The U.S. Supreme Court decision in McGirt v. Oklahoma left tribal nations and the state itself with many questions about what law enforcement will look like here, and some Native leaders hope Congress will help create a new framework of the justice system.
In July 2020, the Supreme Court ruled the Muscogee (Creek) Nation’s reservation was never disestablished by Congress, and by extension, the Cherokee Nation’s and all the Five Tribes. The Cherokee Nation has now had state court rulings in 11 out of 11 cases stating that the reasoning applied to McGirt applies to the Cherokee Nation’s reservation as well.
During a roundtable with reporters Thursday, the Cherokee Nation Principal Chief Chuck Hoskin Jr. said the ruling was a monumental win for Oklahoma tribes, but that it’s also created jurisdictional challenges.
Hoskin said the tribe has taken the jurisdictional responsibilities of having a recognized reservation very seriously, and that one of the first duties is to maintain public safety. That’s why the tribe has made an initial investment of $10 million to build up its criminal justice system.
“That runs the range of hiring more marshals for our Marshal Service, which I think is already the best in the business; making sure that our attorney general has a staff that can take on the prosecution role that they have to take on increasingly under McGirt; make sure we have a court system that can provide fair justice for people who come before it; and make sure victims also see justice,” said Hoskin.
Ultimately, the Cherokee Nation estimates its new role in the criminal justice system of the 14 counties over which it has jurisdiction will cost around $35 million a year. Hoskin said the tribe believes the U.S. government should provide assistance, but it will also look for additional funds in its own budget. And that will require some tough decisions.
With the current system in place, the federal government generally prosecutes major crimes committed by or against Natives. One the U.S. can prosecute non-Natives who commit any crime against an Indian, no matter how big or small the crime. Non-Natives who commit victimless crimes or crimes against other non-Natives can only be prosecuted by the state. And crimes committed by Natives against Natives can only be prosecuted by the tribe, unless they are major crimes.
Cherokee Nation Attorney General Sara Hill pointed out how the U.S. has struggled in the past to provide law enforcement on reservations, or the resources to carry out law enforcement, and said tribal leaders are believe there is a better path forward.
“The path forward would be to have compacting where tribes could sit down with the state and determine if there is a better way for law enforcement to work,” said Hill. “Is there a jurisdictional system that makes more sense than the one that’s been piecemealed together by federal court decisions over past 100 years? I believe strongly in the ability of the tribes and the state to work together and get it right.”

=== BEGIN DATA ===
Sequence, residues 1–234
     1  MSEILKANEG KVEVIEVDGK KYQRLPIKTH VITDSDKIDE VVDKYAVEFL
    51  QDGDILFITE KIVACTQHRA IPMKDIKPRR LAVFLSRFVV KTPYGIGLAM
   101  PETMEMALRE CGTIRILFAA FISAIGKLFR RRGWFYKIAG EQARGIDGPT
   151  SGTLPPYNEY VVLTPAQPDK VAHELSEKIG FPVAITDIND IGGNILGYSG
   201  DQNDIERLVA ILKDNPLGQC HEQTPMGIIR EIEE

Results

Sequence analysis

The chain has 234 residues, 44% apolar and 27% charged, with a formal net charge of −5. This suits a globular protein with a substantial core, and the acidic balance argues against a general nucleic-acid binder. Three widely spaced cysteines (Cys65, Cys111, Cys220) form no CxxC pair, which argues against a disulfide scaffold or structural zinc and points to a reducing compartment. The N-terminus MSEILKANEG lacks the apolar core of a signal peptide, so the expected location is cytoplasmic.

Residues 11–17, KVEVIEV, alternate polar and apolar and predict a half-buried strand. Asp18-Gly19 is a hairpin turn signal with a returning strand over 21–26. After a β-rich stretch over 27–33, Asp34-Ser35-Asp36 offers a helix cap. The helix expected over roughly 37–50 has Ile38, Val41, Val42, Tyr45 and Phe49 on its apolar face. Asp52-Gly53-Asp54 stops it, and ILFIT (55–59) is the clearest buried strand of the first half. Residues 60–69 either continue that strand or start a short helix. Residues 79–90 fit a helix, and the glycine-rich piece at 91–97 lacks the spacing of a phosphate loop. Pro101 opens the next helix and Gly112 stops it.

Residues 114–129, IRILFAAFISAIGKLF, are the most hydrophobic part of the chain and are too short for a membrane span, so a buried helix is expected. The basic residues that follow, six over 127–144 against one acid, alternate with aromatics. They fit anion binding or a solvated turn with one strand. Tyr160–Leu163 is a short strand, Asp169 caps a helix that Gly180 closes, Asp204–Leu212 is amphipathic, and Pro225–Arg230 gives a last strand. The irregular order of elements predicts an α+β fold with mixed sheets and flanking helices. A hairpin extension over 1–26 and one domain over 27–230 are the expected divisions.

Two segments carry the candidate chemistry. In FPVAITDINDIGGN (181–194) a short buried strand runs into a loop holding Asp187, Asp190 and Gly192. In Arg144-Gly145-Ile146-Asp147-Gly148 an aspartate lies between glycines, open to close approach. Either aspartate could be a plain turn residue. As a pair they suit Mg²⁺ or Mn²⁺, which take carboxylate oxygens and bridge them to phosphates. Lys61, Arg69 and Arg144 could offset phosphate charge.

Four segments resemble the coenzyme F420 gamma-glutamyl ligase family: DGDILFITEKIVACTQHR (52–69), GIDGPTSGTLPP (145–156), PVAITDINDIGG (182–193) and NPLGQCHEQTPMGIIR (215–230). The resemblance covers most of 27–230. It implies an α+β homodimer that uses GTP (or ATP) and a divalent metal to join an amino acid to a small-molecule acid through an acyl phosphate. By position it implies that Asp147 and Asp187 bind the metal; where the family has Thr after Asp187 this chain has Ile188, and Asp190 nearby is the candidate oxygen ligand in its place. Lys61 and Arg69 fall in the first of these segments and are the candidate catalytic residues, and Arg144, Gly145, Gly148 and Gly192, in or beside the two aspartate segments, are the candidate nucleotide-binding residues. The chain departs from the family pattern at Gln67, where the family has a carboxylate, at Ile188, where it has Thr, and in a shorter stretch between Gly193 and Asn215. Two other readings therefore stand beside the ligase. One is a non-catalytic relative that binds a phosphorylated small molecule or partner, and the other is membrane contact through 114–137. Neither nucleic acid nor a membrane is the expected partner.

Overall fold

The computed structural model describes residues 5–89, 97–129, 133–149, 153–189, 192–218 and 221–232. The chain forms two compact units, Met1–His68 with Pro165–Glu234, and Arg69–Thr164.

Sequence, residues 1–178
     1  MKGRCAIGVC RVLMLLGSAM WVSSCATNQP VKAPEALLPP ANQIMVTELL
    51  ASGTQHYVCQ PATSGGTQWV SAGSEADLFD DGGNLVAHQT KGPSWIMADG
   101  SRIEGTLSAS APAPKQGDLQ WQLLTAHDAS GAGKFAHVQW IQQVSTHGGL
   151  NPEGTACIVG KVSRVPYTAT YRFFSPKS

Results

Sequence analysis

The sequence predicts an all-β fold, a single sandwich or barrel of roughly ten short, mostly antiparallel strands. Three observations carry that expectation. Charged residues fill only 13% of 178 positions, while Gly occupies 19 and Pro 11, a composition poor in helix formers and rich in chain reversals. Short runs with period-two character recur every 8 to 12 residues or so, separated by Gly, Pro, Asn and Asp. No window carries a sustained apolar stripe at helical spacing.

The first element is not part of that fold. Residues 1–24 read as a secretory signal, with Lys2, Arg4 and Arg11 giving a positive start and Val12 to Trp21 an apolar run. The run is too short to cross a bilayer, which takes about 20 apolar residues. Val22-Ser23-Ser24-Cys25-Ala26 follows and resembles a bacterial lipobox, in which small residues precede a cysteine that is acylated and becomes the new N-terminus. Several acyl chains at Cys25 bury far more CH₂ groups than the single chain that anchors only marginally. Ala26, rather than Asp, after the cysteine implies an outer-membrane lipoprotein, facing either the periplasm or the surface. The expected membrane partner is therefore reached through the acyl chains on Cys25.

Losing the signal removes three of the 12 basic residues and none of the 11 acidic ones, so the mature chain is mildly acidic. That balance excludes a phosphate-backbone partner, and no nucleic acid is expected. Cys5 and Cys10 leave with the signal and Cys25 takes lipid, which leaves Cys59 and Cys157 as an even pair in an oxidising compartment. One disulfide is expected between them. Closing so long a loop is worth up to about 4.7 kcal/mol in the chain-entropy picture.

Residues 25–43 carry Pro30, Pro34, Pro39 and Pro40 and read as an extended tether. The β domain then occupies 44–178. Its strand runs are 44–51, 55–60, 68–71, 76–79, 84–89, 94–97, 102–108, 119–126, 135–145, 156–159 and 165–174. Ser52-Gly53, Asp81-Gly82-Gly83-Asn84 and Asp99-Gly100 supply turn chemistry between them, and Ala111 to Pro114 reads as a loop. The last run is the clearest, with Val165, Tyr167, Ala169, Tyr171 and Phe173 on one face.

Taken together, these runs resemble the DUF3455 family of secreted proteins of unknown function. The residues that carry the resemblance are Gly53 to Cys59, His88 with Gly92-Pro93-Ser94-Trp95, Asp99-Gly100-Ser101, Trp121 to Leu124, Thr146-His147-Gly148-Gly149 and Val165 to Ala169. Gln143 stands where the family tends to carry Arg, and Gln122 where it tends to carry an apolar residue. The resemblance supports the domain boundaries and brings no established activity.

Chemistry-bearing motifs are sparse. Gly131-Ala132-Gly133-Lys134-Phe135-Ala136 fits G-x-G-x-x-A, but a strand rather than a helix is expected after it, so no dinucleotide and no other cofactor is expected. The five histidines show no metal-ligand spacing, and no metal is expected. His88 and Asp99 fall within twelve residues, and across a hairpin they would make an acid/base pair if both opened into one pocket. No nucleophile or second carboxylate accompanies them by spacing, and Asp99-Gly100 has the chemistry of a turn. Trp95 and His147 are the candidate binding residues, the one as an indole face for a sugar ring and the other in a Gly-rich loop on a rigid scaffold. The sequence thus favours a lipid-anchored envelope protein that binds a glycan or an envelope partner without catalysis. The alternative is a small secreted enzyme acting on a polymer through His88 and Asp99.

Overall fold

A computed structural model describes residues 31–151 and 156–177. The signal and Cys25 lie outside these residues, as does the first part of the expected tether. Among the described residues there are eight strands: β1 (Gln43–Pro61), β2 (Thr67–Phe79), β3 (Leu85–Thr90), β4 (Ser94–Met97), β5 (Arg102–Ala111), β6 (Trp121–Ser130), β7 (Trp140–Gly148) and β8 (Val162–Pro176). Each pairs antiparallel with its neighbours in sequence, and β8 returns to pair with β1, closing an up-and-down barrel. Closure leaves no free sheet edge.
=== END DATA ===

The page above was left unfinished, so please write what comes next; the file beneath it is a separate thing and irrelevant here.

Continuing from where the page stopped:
Changing the current criminal justice system and jurisdictional responsibilities would require congressional action. The Cherokee Nation would like to be able to enter into compacts with the state of Oklahoma to address jurisdiction issues, but wants to be sure its sovereignty is not undermined.
“In fact, it’s the opposite effect that we think compacting has with McGirt,” said Hoskin. “It makes it a workable, enduring victory for tribes. How we do that, we think, is to have Congress protect 100 percent of McGirt, but to make sure each of the Five Tribes has options to compact, so that we all benefit from that great victory.”
Gov. Kevin Stitt's relationship with tribal nations has been rocky, evidenced by the year-long dispute among him and Native nations over the tribal gaming compact. Stitt asserted the compact expired at the end of 2019, but a federal court ruled in July that it automatically renewed. Hoskin, who has been critical of Stitt’s administration, said he wants to have a good relationship with the governor.
“He was on an island fighting tribes over something that was the biggest win-win that a governor could ever have,” he said. “I hope he’s learned the lesson from that – that tribal compacts are a good thing, and having a cooperative relationship is a good thing.”
Not all the Five Tribes have agreed on whether federal legislation should be passed to curtail jurisdictional problems. But Hoskin believes while some tribes may have a different approach, Congress should carve out an option for each tribe to compact on those issues, if they so desire. He said his conversations with members of Oklahoma’s delegation have been reassuring.
“They don’t believe there should be disestablishment, but I’ve been around long enough – and at least know enough history – to know Congress can do great injury to tribal sovereignty,” Hoskin said. “At times, they’ve done it right on the heels of great victories before federal courts, including the Supreme Court. I also know organizations like the Oklahoma Council of Public Affairs have been pretty explicit that they believe the solution to this Indian problem is the disestablishment of our reservation.”